The HOA files the forms pays what is usually a small fee, and the court sets a date. Once the date is set, the association is required to serve the homeowner, and the deadlines for that will vary depending on which state you are in.
The court may offer some mediation options. If instead, your case goes before a judge, only the association management or board member may represent the association. The judge hears the case and will either take time to deliberate or give their judgment right then.
If the association wins, there are still some steps to actually receive the payment. Now that they have a judgment lien, they can force a sale of the property, levy the homeowner’s bank accounts, or garnish their wages. The homeowner can appeal this decision, in which case it moves up to Superior Court. At this point, the association will need a lawyer to represent them.
If the judge rules against the association, they are usually not allowed to appeal. There might be other options for them, but an attorney will need to give them guidance and help execute in whatever route is chosen.
The top benefit which has been given by HOAs for using small claims court is time and money. Particularly when the amount owed is not too large, going to small claims court might make the most sense. The only costs are the filing fees. And if the judge rules in favor of the association, those fees are likely to now become part of the money owed by the homeowner.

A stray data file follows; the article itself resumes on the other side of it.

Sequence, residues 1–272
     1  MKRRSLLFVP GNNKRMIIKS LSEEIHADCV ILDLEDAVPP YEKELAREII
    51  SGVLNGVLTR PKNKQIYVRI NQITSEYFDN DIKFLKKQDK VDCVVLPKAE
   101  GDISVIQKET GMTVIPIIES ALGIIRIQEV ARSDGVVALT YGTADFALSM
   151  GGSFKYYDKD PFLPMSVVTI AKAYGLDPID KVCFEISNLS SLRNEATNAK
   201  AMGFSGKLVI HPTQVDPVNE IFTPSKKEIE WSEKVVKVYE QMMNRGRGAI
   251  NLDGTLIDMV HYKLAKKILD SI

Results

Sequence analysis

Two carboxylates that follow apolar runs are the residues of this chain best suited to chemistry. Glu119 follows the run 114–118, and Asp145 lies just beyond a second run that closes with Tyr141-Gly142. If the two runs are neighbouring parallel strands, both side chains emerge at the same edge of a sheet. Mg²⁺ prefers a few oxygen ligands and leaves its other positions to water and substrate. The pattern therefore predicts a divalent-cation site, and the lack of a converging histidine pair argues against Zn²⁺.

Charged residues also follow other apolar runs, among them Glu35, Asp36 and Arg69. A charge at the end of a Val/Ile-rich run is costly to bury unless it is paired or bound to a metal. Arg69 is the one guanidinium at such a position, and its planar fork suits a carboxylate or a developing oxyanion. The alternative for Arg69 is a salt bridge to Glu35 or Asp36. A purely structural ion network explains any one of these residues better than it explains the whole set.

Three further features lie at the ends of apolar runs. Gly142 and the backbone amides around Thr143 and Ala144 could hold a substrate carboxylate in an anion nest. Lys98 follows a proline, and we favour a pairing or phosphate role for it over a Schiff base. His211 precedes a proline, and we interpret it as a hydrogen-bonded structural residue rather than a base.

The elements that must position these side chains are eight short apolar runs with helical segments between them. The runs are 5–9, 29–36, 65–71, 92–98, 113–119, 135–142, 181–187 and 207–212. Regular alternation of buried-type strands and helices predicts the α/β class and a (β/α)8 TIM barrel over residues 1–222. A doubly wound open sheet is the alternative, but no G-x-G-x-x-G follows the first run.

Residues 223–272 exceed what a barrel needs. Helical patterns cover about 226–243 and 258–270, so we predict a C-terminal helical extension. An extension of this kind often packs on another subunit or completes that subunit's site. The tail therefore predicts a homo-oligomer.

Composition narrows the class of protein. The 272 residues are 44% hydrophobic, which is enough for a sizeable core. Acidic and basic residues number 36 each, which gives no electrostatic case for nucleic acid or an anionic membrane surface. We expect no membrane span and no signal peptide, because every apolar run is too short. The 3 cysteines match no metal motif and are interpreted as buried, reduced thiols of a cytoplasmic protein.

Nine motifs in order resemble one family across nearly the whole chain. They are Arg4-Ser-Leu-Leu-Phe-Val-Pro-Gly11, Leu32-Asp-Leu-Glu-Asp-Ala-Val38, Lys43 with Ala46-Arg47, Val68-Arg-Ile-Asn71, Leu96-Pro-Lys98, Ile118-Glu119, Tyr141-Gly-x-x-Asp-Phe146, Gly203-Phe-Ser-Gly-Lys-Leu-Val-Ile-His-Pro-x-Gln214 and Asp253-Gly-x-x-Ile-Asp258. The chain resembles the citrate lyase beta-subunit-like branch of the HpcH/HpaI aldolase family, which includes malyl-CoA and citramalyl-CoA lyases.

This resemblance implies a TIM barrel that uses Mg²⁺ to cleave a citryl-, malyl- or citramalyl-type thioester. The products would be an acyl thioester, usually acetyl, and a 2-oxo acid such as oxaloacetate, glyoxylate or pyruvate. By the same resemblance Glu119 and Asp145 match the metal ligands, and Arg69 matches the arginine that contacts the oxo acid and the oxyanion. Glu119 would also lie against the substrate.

There are some drawbacks to pursuing payment through small claims court. Usually, the process benefits the homeowner more than the association. Some states mandate that only the homeowner can appeal the decision. There also is a limit on the amount of money the association can win. In most states, the cap is $5,000, which includes fees. You can’t get around this cap by filing multiple suits; there is a limit of two $2,500 lawsuits a year. On top of that, if the homeowner sues the association in small claims court, they can win up to $10,000.